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Radiological informed consent in cardiovascular imaging: towards the medico-legal perfect storm?

Cardiovascular Ultrasound20075:35

https://doi.org/10.1186/1476-7120-5-35

Received: 20 June 2007

Accepted: 04 October 2007

Published: 04 October 2007

Abstract

Use of radiation for medical examinations and tests is the largest manmade source of radiation exposure. No one can doubt the immense clinical and scientific benefits of imaging to the modern practice of medicine. Every radiological and nuclear medicine examination confers a definite (albeit low) long-term risk of cancer, but patients undergoing such examinations often receive no or inaccurate information about radiological dose exposure and corresponding risk directly related to the radiological dose received. Too detailed information on radiological dose and risk may result in undue anxiety, but information "economical with the truth" may violate basic patients' rights well embedded in ethics (Oviedo convention 1997) and law (97/43 Euratom Directive 1997). Informed consent is a procedure needed to establish a respectful and ethical relation between doctors and patients. Nevertheless, in an "ideal" consent process, the principle of patient autonomy in current radiological practice might be reinforced by making it mandatory to obtain explicit and transparent informed consent form for radiological examination with high exposure (≥ 500 chest x-rays). The form may spell-out the type of examination, the exposure in effective dose (mSv), derived from reference values in guidelines or – better – from actual values from their department. The dose equivalent might be also expressed in number of chest radiographs and the risk of cancer as number of extra cases in the exposed population, derived from most recent and authorative guidelines (e.g., BEIR VII Committee, release 2006). Common sense, deontological code, patients'rights, medical imaging guidelines, Euratom law, all coherently and concordantly encourage and recommend a justified, optimized, responsible and informed use of testing with ionizing radiation. Although the idea of informed consent for radiation dose does not seem to be on the immediate radar screen at least in the US, the current practice clashes against these guidelines and laws.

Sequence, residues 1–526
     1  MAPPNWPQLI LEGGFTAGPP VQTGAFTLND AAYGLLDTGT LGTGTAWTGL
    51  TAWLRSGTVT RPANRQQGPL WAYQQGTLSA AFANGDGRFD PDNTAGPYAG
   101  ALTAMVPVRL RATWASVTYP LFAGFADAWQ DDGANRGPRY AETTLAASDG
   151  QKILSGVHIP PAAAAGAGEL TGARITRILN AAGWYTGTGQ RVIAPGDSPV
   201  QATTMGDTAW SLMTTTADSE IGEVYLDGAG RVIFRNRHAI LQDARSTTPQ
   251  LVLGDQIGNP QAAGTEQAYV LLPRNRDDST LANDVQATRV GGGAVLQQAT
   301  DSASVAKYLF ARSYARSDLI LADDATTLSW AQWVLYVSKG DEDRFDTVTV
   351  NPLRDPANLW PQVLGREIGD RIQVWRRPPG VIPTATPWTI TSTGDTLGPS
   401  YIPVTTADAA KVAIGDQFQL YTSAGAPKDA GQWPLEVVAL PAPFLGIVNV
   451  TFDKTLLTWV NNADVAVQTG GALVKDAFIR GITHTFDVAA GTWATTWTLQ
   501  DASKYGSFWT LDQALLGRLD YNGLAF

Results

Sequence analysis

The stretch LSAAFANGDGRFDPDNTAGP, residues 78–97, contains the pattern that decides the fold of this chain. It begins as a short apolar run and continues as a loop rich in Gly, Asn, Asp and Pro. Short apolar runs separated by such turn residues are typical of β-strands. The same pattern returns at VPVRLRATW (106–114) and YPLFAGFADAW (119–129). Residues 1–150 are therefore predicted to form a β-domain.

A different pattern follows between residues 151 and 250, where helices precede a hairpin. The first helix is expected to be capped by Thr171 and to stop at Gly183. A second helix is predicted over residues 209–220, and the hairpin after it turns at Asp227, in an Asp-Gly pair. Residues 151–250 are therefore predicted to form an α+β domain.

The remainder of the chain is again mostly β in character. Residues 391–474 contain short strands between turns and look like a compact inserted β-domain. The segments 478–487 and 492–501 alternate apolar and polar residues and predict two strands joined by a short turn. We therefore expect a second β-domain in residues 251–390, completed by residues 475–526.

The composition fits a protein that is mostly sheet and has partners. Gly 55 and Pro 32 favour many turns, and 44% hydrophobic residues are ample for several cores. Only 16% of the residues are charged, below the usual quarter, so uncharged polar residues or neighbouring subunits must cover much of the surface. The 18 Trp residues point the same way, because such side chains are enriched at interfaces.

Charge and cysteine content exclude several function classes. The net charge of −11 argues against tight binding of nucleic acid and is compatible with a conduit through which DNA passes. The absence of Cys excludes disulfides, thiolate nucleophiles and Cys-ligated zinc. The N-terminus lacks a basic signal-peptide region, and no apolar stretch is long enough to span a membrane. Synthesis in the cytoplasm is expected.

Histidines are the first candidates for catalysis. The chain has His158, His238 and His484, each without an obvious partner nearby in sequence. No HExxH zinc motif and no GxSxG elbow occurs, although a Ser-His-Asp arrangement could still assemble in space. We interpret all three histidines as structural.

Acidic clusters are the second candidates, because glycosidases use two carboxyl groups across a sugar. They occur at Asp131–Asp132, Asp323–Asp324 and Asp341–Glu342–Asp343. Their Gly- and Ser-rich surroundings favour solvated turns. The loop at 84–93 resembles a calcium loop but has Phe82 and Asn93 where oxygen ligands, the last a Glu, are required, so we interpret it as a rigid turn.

Background

Every radiological and nuclear medicine examination confers a definite (albeit low) long-term risk of cancer, but patients undergoing such examinations often receive no or inaccurate information about these risks, directly related to the radiological dose received [15]. A too detailed information on radiological dose and risk may result in undue anxiety, but an information "economical with the truth" may violate basic patients' rights well embedded in ethics (Oviedo convention 1997) [6] and law (97/43 Euratom Directive 1997) [7]. In fact one of the three fundamental principles of the "charter of medical professionalism" in the new millennium is the principle of patient autonomy: "Physicians must empower their patients to make informed decisions about their treatment" [8]. The aims of this review are: 1 – to assess the information perceived by patients on radiation doses associated with common radiological procedures; 2- to review the physician awareness of doses (and risks) of examinations they daily prescribe and/or perform; 3- to discuss the ways this information is usually given to patients for exams regarding cardiovascular imaging; 4- to propose a better way to communicate radiation risk in keeping with modern medical guidelines, law prescription, deontological code and patients' rights; 5- to guard on the legal consequences on present medical policy on radiological risk.

Patient's unawareness of radiological risk